One of the most important words I learned last month was the Arabic word “Shukran.” It means “Thank you.”
It was probably the most important word I learned beyond Inshallah (God willing…used every time you speak about the future) and Alhamdulillah (Thanks to God). It’s funny that those three words were the most important words to know. I still have no idea how to say “YES” in Arabic and I didn’t learn how to say “NO” until the end of my trip. I do know the word for beautiful: Lailah (pronounced ‘La-la’). In some cultures it also means “Princess.”
As the last days of the year start to wind down, I can’t help but think of the things that I am thankful for…you see, Morocco changed everything. I think Winter Adams once described a situation to me as a ‘Deal Breaker’ before. What’s happened since Morocco has been my Deal Breaker in life. It changed everything.
Since being back, I’ve sat down with all of my loved ones and told them, “I’m moving to Morocco in a year.” While a lot of my friends and family have been shocked at first at the news, the only thing they can say is that they are happy for me. It seems as if I’ve found what I’ve been looking for in this lifetime.
My friend, M, said to me when I told her my decision, “I guess we’re going to have to spend the next year being tourists in NYC, doing anything and everything a tourist would do in this city.” I was surprised that was her response. I expected her to tell me I was crazy and talk me out of it. But there was something in the way I relayed my case to her that she realized that this really was our last year together in New York City.
Even as the rain falls over New York City and the temperatures drop, you’ll find me stopping at the sight of the rain and breathing it in…as if it were the last time. It’s called living in that moment.
I’ve started to say goodbye already to America.
When I made my announcement back in July that this would be my final season, little did I know why it would be. I just followed my heart and my intuition and let whatever the reasons why I was saying goodbye just slowly materialize. Since Morocco, I haven’t quite been back in New York. Everywhere I go, I feel like I’m still there, but then I’m sad when I realize I’m thousands of miles away.
I look at America and the people around me. I can’t help but feel like I’ve evolved from toleration. What does that mean? It means that I can now see America through different eyes, and I don’t like what I see. I see people so concerned with their shells…and how evil they are to each other. I feel sorrow for everyone around me. I just want to shake everyone and tell them, “You don’t have to live this way…life could be so much better if you changed the way you think and the way you treat people!”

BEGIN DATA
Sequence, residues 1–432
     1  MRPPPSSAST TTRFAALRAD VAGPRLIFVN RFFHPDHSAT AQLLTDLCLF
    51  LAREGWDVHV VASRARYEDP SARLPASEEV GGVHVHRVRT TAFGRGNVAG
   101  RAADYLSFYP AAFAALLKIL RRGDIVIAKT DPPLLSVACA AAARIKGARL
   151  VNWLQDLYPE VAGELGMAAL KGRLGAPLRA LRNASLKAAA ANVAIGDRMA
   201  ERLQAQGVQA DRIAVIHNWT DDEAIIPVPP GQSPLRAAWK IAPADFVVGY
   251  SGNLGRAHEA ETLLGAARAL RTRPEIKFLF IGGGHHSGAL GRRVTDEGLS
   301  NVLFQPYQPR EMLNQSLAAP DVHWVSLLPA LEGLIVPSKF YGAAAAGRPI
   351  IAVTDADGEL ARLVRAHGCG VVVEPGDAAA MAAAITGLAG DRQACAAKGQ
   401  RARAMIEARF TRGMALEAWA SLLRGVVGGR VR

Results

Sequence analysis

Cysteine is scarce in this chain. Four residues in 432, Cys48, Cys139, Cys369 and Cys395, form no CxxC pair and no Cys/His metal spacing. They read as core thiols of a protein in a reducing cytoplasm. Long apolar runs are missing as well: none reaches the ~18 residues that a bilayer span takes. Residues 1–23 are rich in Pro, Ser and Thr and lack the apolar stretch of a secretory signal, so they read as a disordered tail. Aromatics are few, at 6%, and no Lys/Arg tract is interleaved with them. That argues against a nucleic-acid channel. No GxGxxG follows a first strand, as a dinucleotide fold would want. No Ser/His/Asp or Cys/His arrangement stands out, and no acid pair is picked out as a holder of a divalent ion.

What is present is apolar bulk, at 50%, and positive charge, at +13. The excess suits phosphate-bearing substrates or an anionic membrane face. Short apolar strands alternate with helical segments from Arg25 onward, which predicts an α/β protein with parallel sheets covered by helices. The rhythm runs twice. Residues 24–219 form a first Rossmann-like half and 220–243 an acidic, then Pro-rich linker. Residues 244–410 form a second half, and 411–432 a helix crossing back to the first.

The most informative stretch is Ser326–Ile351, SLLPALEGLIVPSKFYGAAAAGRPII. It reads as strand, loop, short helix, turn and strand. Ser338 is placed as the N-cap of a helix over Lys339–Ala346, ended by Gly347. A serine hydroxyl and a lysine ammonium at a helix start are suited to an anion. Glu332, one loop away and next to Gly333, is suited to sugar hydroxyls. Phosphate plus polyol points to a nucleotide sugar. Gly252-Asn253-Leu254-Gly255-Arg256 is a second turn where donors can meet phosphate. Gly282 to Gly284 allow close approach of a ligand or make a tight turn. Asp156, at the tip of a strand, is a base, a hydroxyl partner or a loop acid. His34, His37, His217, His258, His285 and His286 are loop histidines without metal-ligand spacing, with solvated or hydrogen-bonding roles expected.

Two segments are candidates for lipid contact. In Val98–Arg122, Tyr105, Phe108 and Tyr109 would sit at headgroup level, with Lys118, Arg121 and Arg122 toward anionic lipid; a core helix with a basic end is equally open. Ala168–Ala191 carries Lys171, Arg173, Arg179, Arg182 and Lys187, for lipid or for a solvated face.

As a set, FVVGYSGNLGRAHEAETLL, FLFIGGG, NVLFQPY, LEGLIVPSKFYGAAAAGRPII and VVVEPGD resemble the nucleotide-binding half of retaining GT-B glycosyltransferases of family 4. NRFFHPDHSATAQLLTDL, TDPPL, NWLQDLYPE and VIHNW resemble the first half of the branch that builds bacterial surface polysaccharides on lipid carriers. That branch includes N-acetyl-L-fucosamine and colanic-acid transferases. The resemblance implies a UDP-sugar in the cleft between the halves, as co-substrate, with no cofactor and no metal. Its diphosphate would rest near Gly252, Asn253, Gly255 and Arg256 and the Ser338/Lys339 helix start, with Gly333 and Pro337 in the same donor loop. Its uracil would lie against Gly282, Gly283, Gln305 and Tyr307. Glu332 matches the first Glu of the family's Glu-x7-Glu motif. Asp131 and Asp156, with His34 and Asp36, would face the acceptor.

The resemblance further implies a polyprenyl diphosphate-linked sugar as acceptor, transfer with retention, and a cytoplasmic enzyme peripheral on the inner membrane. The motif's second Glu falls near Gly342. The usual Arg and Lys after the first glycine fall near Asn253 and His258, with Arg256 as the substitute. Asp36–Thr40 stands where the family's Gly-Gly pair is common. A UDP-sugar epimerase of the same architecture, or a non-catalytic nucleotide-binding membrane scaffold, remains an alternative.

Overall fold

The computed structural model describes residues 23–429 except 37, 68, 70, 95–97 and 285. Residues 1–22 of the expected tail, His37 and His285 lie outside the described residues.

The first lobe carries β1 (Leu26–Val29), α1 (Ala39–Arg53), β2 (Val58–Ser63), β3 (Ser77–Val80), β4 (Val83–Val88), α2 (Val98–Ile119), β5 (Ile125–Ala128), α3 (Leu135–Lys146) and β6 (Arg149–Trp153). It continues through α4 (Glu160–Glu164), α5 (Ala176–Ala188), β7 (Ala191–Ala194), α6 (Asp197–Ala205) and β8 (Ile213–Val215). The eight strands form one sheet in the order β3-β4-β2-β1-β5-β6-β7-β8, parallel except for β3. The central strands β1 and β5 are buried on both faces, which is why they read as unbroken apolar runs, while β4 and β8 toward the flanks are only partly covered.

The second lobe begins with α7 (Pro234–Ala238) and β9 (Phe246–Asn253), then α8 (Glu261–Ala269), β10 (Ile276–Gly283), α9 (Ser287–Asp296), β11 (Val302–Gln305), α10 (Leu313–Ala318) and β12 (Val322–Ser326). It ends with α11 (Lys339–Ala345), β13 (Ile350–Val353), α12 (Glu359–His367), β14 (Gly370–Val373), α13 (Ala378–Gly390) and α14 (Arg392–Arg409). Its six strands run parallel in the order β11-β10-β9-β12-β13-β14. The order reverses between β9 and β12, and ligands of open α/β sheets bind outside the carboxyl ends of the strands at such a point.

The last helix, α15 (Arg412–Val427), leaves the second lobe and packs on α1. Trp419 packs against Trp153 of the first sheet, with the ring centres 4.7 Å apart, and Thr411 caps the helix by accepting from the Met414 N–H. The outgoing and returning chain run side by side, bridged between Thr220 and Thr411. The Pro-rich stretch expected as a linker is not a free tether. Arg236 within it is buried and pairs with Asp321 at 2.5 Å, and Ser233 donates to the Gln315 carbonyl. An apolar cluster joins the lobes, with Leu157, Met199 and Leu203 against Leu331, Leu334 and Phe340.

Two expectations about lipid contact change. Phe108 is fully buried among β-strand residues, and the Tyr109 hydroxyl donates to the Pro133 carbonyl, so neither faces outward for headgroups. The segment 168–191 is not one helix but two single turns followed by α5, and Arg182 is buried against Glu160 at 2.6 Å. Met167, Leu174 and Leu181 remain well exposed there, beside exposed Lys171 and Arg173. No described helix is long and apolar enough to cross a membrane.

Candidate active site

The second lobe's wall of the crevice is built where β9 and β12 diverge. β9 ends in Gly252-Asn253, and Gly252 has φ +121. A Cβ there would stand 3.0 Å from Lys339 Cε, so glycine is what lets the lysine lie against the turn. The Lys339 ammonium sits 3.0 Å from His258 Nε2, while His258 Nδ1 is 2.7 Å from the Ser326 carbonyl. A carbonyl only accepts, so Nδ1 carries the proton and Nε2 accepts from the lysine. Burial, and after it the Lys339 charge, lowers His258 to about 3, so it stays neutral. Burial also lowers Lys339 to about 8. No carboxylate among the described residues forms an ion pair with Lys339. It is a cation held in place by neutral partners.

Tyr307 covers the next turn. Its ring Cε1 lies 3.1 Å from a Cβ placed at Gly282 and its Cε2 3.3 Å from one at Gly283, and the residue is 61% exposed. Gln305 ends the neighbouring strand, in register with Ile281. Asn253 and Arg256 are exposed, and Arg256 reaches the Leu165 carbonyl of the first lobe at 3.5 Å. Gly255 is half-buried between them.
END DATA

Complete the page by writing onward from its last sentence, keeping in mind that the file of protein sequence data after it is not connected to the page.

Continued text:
I haven’t taken the rings off of my wedding finger since I’ve returned because I’ve already made a commitment to marry someone. I keep thinking…maybe I’m crazy, but I’m doing what my heart and soul is telling me to do.
I keep seeing the America world that I currently live in closing its doors all around me. Why? Because the way I think has changed. I can no longer think or see as an American and be proud to be one.
I hear the most blasphemous and evil things coming from the mouths and minds of people that say they are followers of God. They try to say their religion is the superior one…but all I hear is HATE based on lies. It breaks my heart to hear it.
You look all around you…the shell of a person is glorified and hated all at once. The shell is not who they are inside…it’s not their soul. Their shell is what they think hides their soul. For me, I have always looked at another person’s soul. It is very difficult for me to see their shell.
My first boyfriend (as an adult) was an African American man. He is one of those reversed racists (i.e. he talks crap about white people all of the time). He once said to me at the beginning that he had to ask himself if I really did not see skin color…did I not really see what a person looked like on the outside. He realized that I didn’t, not realizing that I only saw people for who they are inside.
There are times that I befriend people that need saving. People think I’m just like that person, but I never am. I am just curious about them and why they can’t see beyond their own haze. I know that they will betray me, because I sense it right from the very beginning. But I still have that hope that maybe something I said to them will make sense…and that’s all that matters to me.
I learned in Morocco that it was okay to be who I really am. I could stop worrying so much about my shell. The shell is that job you have, your hair color, skin color, ethnicity, religion, your weight, your upbringing, your family…all of those things that people say make you…YOU, but really it doesn’t. When you meet God, none of those things matter. All that matters is who you are in your soul and what you’ve done in this lifetime.
Imagine a world where everyone judges you based on your soul and your actions in this lifetime. It’s a world where everyone is constantly thinking of doing good for everyone around them, without thinking about themselves first. People are kind to everyone. People take care of each other like brothers and sisters. People love everyone so much…you can feel it in everything you see, hear, smell and touch. The winds carry that love all around.